If you plan to purchase a real Christmas tree during Thanksgiving weekend (or anytime after that), you’ll be happy to know that the summer drought didn’t affect the quality or the prices of trees for 2012.
Experts tell Consumers Digest that only saplings that were planted within the past 2 years likely were to have been damaged by the drought, whereas mature trees, which were planted almost 10 years ago, had deeper roots that could access more moisture from deeper soil.
As a result, no shortage of Christmas trees exists this year, which means that prices won’t go up. The drought-related loss of young trees this year likely won’t contribute to a Christmas tree shortage in future years, because growers will compensate for the sapling loss by letting some of their trees mature a few years more before cutting them down, says Rick Dungey from National Christmas Tree Association.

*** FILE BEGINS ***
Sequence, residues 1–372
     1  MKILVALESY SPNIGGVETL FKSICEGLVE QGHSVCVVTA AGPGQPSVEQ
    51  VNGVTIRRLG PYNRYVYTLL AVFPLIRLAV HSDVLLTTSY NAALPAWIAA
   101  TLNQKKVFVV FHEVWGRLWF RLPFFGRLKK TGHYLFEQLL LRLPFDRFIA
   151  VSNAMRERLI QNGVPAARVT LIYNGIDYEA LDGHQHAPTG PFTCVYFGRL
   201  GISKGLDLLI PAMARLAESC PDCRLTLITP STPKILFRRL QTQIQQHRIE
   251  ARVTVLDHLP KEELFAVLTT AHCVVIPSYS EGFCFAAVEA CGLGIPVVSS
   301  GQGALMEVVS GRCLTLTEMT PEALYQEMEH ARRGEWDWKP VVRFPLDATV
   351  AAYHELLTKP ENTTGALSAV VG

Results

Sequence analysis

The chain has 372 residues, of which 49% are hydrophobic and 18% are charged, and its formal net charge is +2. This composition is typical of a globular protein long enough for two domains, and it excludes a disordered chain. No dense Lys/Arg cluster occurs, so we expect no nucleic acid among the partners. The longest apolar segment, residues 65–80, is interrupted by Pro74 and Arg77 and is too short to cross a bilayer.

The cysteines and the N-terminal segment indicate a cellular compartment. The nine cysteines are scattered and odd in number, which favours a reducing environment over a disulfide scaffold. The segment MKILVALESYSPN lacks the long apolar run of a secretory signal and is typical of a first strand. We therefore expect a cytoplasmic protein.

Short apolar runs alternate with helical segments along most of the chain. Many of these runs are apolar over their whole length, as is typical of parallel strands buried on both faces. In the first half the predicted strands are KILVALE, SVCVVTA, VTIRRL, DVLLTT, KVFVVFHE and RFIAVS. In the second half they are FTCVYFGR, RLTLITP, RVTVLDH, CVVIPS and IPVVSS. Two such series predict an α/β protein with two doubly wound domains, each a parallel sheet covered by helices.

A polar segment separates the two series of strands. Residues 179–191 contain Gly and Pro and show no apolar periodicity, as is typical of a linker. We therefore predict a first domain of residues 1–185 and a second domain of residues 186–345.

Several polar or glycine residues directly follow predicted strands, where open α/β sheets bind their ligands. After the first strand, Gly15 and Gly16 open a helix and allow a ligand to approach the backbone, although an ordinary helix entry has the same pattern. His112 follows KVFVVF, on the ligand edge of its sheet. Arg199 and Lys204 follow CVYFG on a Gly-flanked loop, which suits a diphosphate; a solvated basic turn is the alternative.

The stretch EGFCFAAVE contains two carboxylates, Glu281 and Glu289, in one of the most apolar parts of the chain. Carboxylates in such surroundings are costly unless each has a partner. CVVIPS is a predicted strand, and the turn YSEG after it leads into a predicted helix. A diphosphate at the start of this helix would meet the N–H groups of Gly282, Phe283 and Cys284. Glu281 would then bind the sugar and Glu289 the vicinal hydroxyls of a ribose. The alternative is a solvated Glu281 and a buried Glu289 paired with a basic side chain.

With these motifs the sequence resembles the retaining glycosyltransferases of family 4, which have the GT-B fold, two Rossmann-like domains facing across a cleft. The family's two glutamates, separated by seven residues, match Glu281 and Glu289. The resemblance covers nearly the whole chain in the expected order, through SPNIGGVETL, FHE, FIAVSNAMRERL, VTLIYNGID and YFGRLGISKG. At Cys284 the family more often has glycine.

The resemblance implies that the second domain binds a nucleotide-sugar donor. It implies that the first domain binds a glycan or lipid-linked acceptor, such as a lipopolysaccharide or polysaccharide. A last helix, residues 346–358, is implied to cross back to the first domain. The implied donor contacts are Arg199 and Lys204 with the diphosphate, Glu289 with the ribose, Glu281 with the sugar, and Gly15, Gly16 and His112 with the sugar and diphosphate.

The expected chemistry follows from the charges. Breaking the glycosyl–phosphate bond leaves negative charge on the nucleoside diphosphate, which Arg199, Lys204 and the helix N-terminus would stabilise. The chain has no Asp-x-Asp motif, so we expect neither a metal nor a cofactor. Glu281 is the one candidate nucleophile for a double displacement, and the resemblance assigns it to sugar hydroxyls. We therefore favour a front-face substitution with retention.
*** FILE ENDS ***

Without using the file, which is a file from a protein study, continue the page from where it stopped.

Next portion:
It also is unlikely that sapling losses will affect prices for this year’s tree supply directly because Christmas tree growers average out the costs of growing a tree over a 10-year span, says Cheryl Nicholson, who is a spokesperson for Wisconsin Christmas Tree Producers Association.
– K. Fanuko